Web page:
A Galloway man Monday admitted defrauding New Jersey state health benefits programs and other insurers out of nearly $500,000 by submitting fraudulent claims for medically unnecessary prescriptions, Acting U.S. Attorney William E. Fitzpatrick and New Jersey Attorney General Christopher S. Porrino announced.
According to authorities, Andrew Gerstel, 39, a pharmaceutical sales representative, pleaded guilty before U.S. District Judge Robert B. Kugler in Camden federal court to an information charging him with conspiracy to commit health care fraud.
According to documents filed in this case and statements made in court:
From January 2015 through April 2016, Gerstel recruited individuals in New Jersey to obtain very expensive and medically unnecessary compounded medications from an out-of-state pharmacy, identified in the information as the “Compounding Pharmacy.” The conspirators learned that certain compound medication prescriptions – including pain, scar, antifungal, and libido creams, as well as vitamin combinations – were reimbursed for thousands of dollars for a one-month supply.
The conspirators also learned that some New Jersey state and local government and education employees, including teachers, firefighters, municipal police officers, and state troopers, had insurance coverage for these particular compound medications. An entity referred to in the information as the “Pharmacy Benefits Administrator” provided pharmacy benefit management services for the State Health Benefits Program, which covers qualified state and local government employees, retirees, and eligible dependents, and the School Employees’ Health Benefits Program, which covers qualified local education employees, retirees, and eligible dependents. The Pharmacy Benefits Administrator would pay prescription drug claims and then bill the State of New Jersey for the amounts paid.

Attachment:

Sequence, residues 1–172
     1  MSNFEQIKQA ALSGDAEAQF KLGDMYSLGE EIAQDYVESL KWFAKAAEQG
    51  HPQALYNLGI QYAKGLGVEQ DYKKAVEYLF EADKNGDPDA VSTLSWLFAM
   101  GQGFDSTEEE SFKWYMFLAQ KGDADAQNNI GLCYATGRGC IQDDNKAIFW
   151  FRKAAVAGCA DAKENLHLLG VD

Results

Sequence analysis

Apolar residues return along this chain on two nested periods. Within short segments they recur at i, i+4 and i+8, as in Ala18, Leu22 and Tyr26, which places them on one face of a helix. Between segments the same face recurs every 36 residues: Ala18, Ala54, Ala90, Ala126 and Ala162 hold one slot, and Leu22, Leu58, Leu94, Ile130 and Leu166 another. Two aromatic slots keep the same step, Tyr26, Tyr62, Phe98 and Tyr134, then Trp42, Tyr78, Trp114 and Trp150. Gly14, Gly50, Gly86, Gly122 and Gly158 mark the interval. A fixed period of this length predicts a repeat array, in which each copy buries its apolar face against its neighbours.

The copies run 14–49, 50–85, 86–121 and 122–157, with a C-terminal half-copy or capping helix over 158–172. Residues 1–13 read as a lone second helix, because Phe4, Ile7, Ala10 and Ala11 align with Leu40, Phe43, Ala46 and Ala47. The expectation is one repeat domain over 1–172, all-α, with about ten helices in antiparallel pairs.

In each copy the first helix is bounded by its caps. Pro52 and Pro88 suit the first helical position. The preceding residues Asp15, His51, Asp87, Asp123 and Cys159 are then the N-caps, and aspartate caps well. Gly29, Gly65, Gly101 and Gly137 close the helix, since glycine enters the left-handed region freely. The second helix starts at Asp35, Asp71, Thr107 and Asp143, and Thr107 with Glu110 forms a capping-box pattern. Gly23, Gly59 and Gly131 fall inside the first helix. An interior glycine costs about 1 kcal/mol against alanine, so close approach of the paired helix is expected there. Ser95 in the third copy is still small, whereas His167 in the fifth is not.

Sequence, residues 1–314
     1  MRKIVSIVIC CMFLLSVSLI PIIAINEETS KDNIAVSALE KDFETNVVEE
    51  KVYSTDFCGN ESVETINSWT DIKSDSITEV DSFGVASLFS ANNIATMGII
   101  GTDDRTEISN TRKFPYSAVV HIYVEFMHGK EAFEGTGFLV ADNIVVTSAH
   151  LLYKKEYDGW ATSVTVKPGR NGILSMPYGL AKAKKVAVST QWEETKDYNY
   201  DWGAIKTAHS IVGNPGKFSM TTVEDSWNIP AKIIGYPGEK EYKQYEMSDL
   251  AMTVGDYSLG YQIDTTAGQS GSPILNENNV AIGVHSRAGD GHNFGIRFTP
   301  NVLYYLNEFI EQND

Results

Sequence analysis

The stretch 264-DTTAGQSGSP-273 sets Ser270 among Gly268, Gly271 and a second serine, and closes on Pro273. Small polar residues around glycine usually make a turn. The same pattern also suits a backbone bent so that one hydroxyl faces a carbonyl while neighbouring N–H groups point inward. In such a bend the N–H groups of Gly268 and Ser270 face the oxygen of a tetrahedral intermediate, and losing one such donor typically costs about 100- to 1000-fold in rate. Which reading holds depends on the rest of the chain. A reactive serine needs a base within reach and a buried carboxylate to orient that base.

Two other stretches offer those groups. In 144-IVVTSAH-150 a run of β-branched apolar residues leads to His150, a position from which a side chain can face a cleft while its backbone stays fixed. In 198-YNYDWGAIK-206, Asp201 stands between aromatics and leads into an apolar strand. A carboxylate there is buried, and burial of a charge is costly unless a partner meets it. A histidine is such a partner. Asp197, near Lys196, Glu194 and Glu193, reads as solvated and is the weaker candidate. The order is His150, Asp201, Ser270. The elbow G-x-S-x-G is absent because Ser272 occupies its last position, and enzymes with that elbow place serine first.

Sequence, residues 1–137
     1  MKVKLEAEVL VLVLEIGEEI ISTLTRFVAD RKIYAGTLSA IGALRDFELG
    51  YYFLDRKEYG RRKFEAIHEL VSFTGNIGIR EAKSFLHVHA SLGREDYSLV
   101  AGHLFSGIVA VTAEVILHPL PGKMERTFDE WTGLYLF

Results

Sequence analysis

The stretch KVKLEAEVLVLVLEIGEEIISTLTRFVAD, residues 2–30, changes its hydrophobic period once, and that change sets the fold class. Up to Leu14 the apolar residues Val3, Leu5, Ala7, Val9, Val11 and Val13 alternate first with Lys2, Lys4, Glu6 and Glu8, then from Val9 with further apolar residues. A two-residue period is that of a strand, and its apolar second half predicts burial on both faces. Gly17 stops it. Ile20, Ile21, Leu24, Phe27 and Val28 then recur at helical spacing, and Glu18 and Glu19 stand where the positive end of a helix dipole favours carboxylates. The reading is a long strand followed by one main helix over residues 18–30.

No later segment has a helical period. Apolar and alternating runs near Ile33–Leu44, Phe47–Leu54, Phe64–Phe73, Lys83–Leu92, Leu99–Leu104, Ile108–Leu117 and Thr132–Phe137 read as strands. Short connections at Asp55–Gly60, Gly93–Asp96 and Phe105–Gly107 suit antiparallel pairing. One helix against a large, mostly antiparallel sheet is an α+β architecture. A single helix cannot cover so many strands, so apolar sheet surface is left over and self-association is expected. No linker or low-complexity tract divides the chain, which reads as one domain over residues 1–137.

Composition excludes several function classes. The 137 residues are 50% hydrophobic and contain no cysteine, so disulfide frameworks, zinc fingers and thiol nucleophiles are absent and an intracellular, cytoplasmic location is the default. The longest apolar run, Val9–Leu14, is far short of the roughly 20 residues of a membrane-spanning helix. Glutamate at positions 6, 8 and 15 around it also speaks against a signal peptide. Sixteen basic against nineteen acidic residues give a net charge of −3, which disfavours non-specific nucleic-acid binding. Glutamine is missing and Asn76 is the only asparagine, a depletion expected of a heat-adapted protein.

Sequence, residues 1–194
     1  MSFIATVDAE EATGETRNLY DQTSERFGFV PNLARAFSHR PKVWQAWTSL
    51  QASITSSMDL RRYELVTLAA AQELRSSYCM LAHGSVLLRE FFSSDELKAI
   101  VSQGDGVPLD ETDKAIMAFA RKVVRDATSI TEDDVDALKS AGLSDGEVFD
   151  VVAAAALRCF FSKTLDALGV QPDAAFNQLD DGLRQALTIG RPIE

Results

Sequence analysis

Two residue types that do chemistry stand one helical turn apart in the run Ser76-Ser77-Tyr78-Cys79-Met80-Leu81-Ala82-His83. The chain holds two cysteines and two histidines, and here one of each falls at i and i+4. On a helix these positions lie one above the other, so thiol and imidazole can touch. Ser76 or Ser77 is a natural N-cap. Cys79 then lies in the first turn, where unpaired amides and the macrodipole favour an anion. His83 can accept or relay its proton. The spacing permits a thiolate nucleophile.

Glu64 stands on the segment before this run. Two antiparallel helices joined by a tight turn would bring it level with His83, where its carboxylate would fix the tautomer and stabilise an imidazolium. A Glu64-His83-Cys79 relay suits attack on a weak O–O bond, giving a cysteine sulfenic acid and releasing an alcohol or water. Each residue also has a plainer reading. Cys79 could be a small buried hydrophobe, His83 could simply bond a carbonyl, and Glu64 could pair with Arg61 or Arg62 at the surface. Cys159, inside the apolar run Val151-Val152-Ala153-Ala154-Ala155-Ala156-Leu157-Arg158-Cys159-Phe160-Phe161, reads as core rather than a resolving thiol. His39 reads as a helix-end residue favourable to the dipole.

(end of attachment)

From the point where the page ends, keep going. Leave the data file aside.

Gerstel recruited public employees and other individuals covered by the Pharmacy Benefits Administrator to fraudulently obtain compounded medications that were reimbursed for the highest amounts, without regard to their medical necessity. The prescriptions were then faxed to Compounding Pharmacy, which filled the prescriptions and billed the Pharmacy Benefits Administrator.
The pharmacy paid one of Gerstel’s conspirators a percentage of each prescription filled and paid by the Pharmacy Benefits Administrator, which was then distributed to Gerstel and other members of the conspiracy. Gerstel paid recruiters under him and individuals with insurance coverage to reward them for obtaining the prescriptions.
According to the information, the Pharmacy Benefits Administrator paid Compounding Pharmacy over $50 million for compounded medications mailed to individuals in New Jersey.
As part of his plea agreement, Gerstel must forfeit $184,389.05 in criminal proceeds he received for his role in the scheme and pay restitution of at least $483,946.72.
Gerstel faces a maximum penalty of 10 years in prison and a $250,000 fine, or twice the gross gain or loss from the offense. Sentencing is scheduled for Feb. 26, 2018.
Ten other conspirators – Matthew Tedesco, Robert Bessey, Michael Pepper, Thomas Hodnett, Steven Urbanski, John Gaffney, Judd Holt, George Gavras, Richard Zappala, and Michael Neopolitan – have pleaded guilty to their roles in the scheme and await sentencing.